In many cases, you’ll be able to customize your notifications based on the transaction. It’s best to get notifications for all transactions, however. In many cases, a thief will test your card with a small charge and you’ll want to catch it right away. Getting a notification on your phone can help you stop the fraud in its tracks.
- Protect your credit file like a pro
If you really want to control you credit file, freeze your account at all three of the credit bureaus: Equifax, Experian, and TransUnion. This is the best way to ensure that your credit is protected and it is free.
Freezing your credit gives you the power to lock or unlock your credit file. It’s your virtual credit file switch. Once you freeze your credit file, no one can open a new credit card account—not even you. If you want to open a new credit card account or receive a bank loan, you have to lift the freeze by providing a special PIN. Once you are done, you can refreeze your file using that same PIN. Without your PIN, your credit file can’t be altered.
- Never let your credit card leave your sight
When you’re shopping or eating at a restaurant, think twice before you hand over your credit card for payment. When your card leaves your hands and is out of your field of vision, this is when it can have its information stolen via a smartphone camera or mini card-reader called a skimmer. This type of fraud can happen in the moments you are waiting to get your card back. The best defense is to be present when your card is swiped (funny word, huh?).
- Avoid making in-store credit card applications
I love to save money, especially during the special promotions and the holidays. Most stores will offer immediate credit and an attractive discount on all new purchases with a new on-the-spot application and approval. Who is handling your paper application once it has been given to the store clerk? This information can be exposed to many unsavory people. If you really want the credit and a special discount, you can call the company’s credit department or fill out an application online ahead of time.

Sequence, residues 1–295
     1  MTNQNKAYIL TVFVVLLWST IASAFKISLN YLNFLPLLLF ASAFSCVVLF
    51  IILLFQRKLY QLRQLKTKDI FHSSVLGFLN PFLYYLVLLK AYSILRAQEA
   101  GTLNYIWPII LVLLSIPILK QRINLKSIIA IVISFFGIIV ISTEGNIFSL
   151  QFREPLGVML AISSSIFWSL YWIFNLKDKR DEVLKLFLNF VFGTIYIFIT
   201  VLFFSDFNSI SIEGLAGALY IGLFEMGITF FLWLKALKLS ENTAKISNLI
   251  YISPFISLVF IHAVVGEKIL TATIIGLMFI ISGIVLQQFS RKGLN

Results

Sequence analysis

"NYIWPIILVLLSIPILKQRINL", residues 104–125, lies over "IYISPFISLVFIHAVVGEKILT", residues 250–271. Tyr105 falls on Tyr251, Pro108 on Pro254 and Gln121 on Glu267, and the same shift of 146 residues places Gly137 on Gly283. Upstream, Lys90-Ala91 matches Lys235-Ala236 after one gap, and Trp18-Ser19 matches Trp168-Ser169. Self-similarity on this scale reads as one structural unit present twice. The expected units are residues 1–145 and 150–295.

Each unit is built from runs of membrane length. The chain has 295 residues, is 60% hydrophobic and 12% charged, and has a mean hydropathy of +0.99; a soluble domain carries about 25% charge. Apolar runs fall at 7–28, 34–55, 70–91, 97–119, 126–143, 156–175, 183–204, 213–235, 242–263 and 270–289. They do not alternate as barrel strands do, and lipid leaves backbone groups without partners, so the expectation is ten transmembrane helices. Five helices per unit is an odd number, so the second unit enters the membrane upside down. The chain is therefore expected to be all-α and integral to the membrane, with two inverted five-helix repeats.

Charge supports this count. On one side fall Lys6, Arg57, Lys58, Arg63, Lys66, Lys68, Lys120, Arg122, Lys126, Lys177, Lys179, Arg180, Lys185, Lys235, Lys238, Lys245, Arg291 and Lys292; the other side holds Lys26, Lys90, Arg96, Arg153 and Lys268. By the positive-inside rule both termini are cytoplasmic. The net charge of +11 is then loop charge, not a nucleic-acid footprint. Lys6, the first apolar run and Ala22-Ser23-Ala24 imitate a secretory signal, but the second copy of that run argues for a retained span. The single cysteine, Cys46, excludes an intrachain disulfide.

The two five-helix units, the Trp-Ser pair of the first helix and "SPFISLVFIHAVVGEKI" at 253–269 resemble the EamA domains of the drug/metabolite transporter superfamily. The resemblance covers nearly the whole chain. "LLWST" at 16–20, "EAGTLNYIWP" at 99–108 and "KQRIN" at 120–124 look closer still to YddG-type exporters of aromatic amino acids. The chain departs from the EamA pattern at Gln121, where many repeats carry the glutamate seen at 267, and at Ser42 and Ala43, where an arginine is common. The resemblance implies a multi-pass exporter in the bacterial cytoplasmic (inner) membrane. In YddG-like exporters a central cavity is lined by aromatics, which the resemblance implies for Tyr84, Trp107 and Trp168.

This protects you in several ways: The information you have given is with the headquarters representative. The conversation is usually recorded and stored. Once your application is approved and processed, it’s mailed to your home address. This will help keep your information safer. You may have to call a company representative for any in-store or online promotions that may be used with your newly minted cards.
Protect yourself with these security measures
Now is a good time to turn over a new leaf and better protect your credit and bank accounts. Through my experience, I believe that these safety measures will save you some precious time and unnecessary headaches.
Bryan Mills is a New York City writer.
Copyright © 2020 by Horsesmouth, LLC. All rights reserved. Please see next paragraph for important restrictions on use. 5 Ways to Boost Your Security Against ID and Credit Card Theft Peggy L. Farnworth Peggy L Farnworth, CPA, CFP® 670 E Riverpark Lane Suite 140 BOISE, ID 83706 2083437777 [email protected] License #: 5110621Reprint Licensee: Peggy L. Farnworth